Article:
The Big Squeeze: An analysis of tax and fee increases island residents are expected to pay

Oh, the bills!

In a fit of pique, you crumble up the latest one and toss it into the trash. That’s going to cost you. In fact, if you rely on trash service rather than hauling your own garbage to a transfer station, it probably costs you 27.1 percent more this year than last year. That’s how much haulers were hit for, and they’re probably going to pass that increase along.


You reach for a glass of water while you calm down. But that will cost you, too. Water bills are up an average of 8 percent for residential users. Not to mention the sewer charges, which the county plans to raise 44 percent next year.

You shut off your lights and head out the door. Good thing you remembered to flip that switch — electricity is up about 7.4 percent from last year and Hawaii Electric Light Co. is asking for a 3.4 percent hike.

You climb into your car and turn the ignition. Don’t rev that engine; gasoline is up 19.2 percent over last year. And gas taxes are up 26.7 percent, following an astonishing 70.5 percent the year before. Not to mention the extra $5.81 for your safety sticker.

Going to the store? Better stock up. General excise taxes are going up 6.3 percent Jan. 1, an increase that will affect everything you buy at retail as well as other goods and services. Speaking of retail, prices are probably going up too, as Matson, the container carrier that brings us most of our goods, slapped a fuel surcharge on its cargo that’s 41.3 percent higher than last year.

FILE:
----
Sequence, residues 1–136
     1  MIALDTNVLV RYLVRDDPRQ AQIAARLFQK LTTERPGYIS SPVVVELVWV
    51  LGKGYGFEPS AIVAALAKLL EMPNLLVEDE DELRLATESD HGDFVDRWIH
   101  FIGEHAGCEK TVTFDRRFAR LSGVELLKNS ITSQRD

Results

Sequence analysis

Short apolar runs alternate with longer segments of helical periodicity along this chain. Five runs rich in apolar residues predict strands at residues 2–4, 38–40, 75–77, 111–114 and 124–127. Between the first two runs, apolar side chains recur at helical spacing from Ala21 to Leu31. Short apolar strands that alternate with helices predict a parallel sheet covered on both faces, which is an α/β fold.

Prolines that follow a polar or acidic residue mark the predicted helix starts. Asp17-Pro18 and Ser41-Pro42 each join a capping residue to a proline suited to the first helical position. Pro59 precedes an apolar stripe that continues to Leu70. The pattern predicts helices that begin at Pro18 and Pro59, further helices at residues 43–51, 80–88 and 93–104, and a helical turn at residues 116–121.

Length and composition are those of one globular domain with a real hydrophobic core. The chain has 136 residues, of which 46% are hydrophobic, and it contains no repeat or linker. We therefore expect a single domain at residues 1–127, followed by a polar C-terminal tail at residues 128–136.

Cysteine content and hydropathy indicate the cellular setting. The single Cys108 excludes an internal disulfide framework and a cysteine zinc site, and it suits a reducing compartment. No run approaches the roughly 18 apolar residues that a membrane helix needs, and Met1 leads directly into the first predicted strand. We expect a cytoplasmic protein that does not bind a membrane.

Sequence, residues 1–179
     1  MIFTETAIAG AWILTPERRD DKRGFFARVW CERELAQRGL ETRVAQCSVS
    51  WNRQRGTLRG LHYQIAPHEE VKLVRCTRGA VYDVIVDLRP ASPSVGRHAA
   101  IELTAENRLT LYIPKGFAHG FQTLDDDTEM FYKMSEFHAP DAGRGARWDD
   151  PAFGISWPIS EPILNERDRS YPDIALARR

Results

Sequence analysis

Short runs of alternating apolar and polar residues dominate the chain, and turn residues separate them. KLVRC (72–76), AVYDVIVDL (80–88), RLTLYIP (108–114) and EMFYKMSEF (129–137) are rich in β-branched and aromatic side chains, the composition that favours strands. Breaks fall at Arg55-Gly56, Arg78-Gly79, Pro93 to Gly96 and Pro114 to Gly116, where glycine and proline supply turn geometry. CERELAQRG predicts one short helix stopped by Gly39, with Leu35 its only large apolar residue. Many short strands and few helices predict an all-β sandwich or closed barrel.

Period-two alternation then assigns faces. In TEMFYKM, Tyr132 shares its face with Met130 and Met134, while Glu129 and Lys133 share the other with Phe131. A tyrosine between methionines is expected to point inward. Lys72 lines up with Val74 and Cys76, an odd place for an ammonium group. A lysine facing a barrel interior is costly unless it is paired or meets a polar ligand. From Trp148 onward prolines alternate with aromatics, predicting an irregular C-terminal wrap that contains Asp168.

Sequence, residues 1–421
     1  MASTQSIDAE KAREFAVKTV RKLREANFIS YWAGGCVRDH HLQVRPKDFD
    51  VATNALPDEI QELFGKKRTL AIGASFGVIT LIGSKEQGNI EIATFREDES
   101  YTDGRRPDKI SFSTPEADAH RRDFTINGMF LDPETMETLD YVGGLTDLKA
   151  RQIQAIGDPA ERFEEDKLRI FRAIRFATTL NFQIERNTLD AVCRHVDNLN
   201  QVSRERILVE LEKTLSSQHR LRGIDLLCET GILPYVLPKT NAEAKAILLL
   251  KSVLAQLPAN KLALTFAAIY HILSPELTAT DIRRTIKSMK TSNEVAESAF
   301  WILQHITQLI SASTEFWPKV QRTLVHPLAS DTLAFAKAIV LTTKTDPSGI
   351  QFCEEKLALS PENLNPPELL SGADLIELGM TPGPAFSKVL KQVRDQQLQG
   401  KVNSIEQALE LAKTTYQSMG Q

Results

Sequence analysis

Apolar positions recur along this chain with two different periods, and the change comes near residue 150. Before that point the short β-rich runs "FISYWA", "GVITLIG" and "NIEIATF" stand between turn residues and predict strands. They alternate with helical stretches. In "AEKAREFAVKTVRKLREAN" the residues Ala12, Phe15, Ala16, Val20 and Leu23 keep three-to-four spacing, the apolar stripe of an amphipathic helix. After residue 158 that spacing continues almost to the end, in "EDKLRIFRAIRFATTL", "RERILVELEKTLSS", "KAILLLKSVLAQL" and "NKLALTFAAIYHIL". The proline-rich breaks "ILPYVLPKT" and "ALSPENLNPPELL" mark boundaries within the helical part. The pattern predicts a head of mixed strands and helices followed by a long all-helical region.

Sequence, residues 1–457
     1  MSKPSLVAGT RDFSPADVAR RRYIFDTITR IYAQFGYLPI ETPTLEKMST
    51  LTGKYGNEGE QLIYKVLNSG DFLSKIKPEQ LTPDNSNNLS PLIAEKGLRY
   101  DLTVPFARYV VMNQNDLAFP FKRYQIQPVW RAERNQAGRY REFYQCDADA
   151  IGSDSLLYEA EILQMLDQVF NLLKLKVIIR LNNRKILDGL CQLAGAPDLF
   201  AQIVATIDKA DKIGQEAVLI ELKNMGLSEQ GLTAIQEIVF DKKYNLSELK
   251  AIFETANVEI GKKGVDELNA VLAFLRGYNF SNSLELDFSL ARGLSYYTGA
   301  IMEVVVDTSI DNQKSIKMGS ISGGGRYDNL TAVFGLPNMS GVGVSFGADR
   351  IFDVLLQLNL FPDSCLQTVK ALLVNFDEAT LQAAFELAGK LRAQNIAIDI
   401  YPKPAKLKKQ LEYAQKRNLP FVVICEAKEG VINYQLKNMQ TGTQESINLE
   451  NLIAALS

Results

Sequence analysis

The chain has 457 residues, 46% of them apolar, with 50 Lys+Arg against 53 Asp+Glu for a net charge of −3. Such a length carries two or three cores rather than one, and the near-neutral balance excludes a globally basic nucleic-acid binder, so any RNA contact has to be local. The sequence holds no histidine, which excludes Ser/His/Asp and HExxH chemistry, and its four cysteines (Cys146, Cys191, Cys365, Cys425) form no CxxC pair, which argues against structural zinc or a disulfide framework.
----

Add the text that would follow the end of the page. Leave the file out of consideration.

Now you might think a stay-cation is in order. Work off some of that stress, stay at a comfy Big Island resort, lounge in the pool, have a drink at the tiki bar. Guess what? That costs more this year, too, thanks to the state Legislature last year adding 1 percent to the transient accommodations tax on hotels and short-term lodging.

If you opt for a short-term vacation rental home instead, that may not cost quite as much more next year, but it’s likely to go up in 2020, as the county administration figures out a way to create a new property tax class to get its share of the revenue being thrown around by this burgeoning industry.

Maybe you’d better just stay home. And, you guessed it. That’s more expensive, too. Property values are up 4 percent, and if you rent, your monthly payments are probably up, thanks to a 10.4 percent property tax increase for rental homes, and 7.8 percent for apartments imposed last year.

No problem, some might say. Prices go up, the cost of goods goes up, taxes go up.

But so do salaries.

Not so fast. While double-digit raises as high as 37 percent for the county’s top administrators gained headlines, rank-and-file union workers are seeing raises, step increases and bonuses working out to about 2.5 percent to 3.5 percent.

And the rest of us? Our annual household income grew about 3.4 percent from 2016 to 2017, according to the latest estimates available from the U.S. Census Bureau, released earlier this month.


Feeling a little squeezed lately? You may have good reason.

Email Nancy Cook Lauer at

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